I like watching my son build models. He decides what he likes, and how he wants it to look, and just does it however he pleases. Sometimes I think as we grow older we lose a lot of the joy of modeling by getting caught up by words like “correct” and “accurate”.
So when I put this Hobbycraft P-59A to the top of the build pile, I decided I wanted it in markings like it had participated in the D-Day landings. never mind that it never saw action- I wanted it have fun and do some different!
This kit was a wonderful gift from my dear brother, Drew Hatch. Not only did he send me this excellent kit, he also included the Cutting Edge resin cockpit set for it, which was a joy to build in and of itself. Thank you Drew!
The kit cockpit is not bad by my standards, but it is very simple- floor, seat, stick and IP essentially. A good palette for scratch building, certainly. But the Cutting Edge resin cockpit was gorgeous- it’s not overstating it, I believe, to call it stunning. And it fit perfectly- no sawing or hacking or sanding. I just cut away a few projections from the kit sidewalls, dry-fitted the resin inside the taped fuselage halves, and it just fit. Nice- very nice!
I’ve always read about the quest for “Bell Green”, and all the debates about what color it is. I’ve seen a few period color picks, too. I figured my secret, patent-pending method for matching colors would work perfectly. It involves looking at my shelf of paint, and deciding what color is close enough without mixing to use. The honor fell on a bottle of paint I did not even know I had- Pollyscale US Tactical Mid Green. I tapped the lid ceremoniously with my xacto blade, and dubbd it “Sir Bell Green”. I hand painted the cockpit with the newly named paint, and picked out details with various colors and a tiny brush. I finished it off with an oil wash, and it settled nicely in place between the fuselage halves.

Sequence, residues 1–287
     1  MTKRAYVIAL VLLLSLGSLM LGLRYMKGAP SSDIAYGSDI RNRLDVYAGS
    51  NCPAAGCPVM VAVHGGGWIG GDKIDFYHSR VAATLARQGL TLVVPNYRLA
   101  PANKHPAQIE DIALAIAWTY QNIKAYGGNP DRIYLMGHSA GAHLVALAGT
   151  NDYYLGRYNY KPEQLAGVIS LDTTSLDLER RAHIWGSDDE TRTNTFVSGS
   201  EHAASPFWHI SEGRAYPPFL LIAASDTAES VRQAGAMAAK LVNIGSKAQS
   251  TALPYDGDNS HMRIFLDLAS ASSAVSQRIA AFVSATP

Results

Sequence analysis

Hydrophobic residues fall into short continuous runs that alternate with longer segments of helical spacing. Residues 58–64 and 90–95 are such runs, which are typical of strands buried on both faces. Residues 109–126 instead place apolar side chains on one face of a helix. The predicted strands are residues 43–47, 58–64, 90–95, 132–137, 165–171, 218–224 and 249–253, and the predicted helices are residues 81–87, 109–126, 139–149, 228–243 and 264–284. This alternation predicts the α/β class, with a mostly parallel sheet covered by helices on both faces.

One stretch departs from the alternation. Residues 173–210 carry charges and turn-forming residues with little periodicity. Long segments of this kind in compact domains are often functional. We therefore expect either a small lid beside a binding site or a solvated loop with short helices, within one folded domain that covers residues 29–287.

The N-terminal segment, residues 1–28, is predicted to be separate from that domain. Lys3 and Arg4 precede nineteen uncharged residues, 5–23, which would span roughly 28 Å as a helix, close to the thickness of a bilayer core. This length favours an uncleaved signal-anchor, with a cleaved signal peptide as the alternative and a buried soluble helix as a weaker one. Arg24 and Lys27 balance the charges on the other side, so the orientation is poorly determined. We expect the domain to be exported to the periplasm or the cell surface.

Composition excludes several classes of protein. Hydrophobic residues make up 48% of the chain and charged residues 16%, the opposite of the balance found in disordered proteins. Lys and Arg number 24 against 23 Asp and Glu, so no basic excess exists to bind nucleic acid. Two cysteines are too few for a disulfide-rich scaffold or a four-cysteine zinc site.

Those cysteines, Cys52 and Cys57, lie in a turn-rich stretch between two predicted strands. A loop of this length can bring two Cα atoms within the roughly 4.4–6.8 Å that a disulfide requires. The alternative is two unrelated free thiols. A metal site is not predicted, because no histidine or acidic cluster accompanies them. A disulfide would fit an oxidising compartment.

The rest of the build was actually very smooth and had no dramatic episodes. The fit was good- not Tamiya, of course…. (what is?), but still very easy and simple. A little filler here and there to mostly smooth out the seams was all that was needed. The only place that needed a little extra attention was where the trailing edge of the wings met the “decking” leading to the jet nozzles. I simply stuffed in a few small pieces of sheet styrene (and I truly mean small), blobbed on some Tamiya Extra Thin cement, and sanded it down. With all the major parts in place, I began to paint.
I decided to go with the tried and true OD over neutral gray. On the undersides I used Model Master Acryl, and on the uppers…. well, I can’t recall. It was either Vallejo, Acryl or Pollyscale. (Sorry…. old age, memory… that old chestnut…. ;)) The fun was painting the invasion stripes. I used black and white, just in case there was a question. 😀 I found somewhere on the web the width of the stripes, and using my handy-dandy scale ruler from my high school drafting days (thanks Mr. Wynn!), I measured out the strips of tape. After all the spraying was over, I was rewarded with what I think are some pretty cool invasion stripes, and only had a few little places to correct.
The decals are a mixed bag. The US stars are kit decals, as is the nose art. the fuselage lettering is some decal parts I found in my decal drawer- I’m not even sure what they were originally intended for. The tail numbers are from an MPM P-63.
I finished the kit off with some light weathering and a wash of oil paints.
I’d certainly recommend this kit to anyone- it is a very enjoyable build, and it’s even more so in my mind because it’s not something you see everyday. Even without the Cutting Edge cockpit, I’d say pick up this kit if you have the chance. And build it… I waited far too long to do so.